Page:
The former education secretary who introduced GCSEs has called for the exams, along with A levels, to be cancelled in 2021 due to the continued disruption to learning caused by the coronavirus pandemic.
Kenneth Baker, Baron Baker of Dorking, who was in charge of education policy when GCSEs were brought in to replace O levels and CSEs in 1988, has written to current education secretary Gavin Williamson urging him to accept that teacher assessment "will have to be used again next year".
Coronavirus: Should GCSE exams be held next year?
However, in order for this to happen, the government will need to send guidance to schools on "the sort of report that teachers should be keeping for each student now, not only on attendance, but on performance as the weeks and months go by", he said.
"This will provide a record from which teachers can draw when making their assessments," Lord Baker wrote.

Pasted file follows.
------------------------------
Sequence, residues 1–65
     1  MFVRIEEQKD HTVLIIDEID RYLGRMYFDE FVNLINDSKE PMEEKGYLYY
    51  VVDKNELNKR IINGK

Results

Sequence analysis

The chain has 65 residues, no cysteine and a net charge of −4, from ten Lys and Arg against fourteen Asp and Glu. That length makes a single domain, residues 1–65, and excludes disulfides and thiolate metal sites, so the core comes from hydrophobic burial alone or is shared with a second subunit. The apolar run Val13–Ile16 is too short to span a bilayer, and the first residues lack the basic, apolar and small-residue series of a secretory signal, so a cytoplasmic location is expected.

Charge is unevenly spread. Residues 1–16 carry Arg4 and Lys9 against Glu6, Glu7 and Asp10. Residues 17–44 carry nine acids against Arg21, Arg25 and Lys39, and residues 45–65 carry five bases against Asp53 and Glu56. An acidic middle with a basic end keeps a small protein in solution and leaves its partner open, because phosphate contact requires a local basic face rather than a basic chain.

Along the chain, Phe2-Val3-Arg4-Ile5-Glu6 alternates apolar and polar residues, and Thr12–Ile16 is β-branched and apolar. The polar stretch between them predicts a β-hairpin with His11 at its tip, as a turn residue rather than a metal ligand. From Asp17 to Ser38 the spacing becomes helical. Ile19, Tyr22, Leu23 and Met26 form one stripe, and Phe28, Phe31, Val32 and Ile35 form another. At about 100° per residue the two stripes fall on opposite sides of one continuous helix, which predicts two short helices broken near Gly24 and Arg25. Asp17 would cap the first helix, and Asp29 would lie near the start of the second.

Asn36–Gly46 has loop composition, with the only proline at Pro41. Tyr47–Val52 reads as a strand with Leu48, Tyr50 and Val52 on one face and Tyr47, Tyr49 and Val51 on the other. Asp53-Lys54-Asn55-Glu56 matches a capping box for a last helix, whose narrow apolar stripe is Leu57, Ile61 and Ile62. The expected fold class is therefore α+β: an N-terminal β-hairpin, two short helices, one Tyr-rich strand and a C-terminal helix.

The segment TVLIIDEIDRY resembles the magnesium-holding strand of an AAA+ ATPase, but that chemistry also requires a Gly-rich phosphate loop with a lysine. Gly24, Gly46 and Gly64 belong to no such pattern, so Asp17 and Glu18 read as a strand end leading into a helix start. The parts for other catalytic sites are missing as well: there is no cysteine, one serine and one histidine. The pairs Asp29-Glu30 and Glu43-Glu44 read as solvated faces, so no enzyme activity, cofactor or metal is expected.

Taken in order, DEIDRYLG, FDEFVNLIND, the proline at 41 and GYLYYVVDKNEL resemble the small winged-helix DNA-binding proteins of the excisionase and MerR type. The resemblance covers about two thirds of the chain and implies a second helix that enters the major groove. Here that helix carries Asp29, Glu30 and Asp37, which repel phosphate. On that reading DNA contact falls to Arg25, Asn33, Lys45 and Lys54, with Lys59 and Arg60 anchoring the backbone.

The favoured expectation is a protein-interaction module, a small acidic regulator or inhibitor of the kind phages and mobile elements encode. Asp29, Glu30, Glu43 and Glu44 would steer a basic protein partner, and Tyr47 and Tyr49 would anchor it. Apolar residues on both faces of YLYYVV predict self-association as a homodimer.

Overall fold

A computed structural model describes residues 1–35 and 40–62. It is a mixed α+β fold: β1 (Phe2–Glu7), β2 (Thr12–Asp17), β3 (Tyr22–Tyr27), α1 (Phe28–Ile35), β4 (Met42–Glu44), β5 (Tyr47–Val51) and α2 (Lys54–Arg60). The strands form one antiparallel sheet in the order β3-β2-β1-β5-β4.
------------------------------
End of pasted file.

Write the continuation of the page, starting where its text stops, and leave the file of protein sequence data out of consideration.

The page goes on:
"Your guidance should also encourage schools to provide simple mock exams, at least in the basic subjects of English and maths, but possibly more.
"The advantage of internally set exams is that teachers will be able to adjust for student absence/lost learning in a way that an external examiner will not. I think an early decision from you is needed so that this guidance can be given to teachers in plenty of time."
A Department for Education spokesperson said: "We expect exams to take place next year and continue to work with Ofqual and the exam boards on our approach, recognising that students will have experienced considerable disruption to their education in the last academic year.
"There are a range of measures proposed by Ofqual following a public consultation, including a possible short delay to the exam timetable and subject-specific changes to reduce pressure on teaching time. We will continue to work with school and college stakeholders, Ofqual and the exam boards, to ensure that exams in 2021 are fair."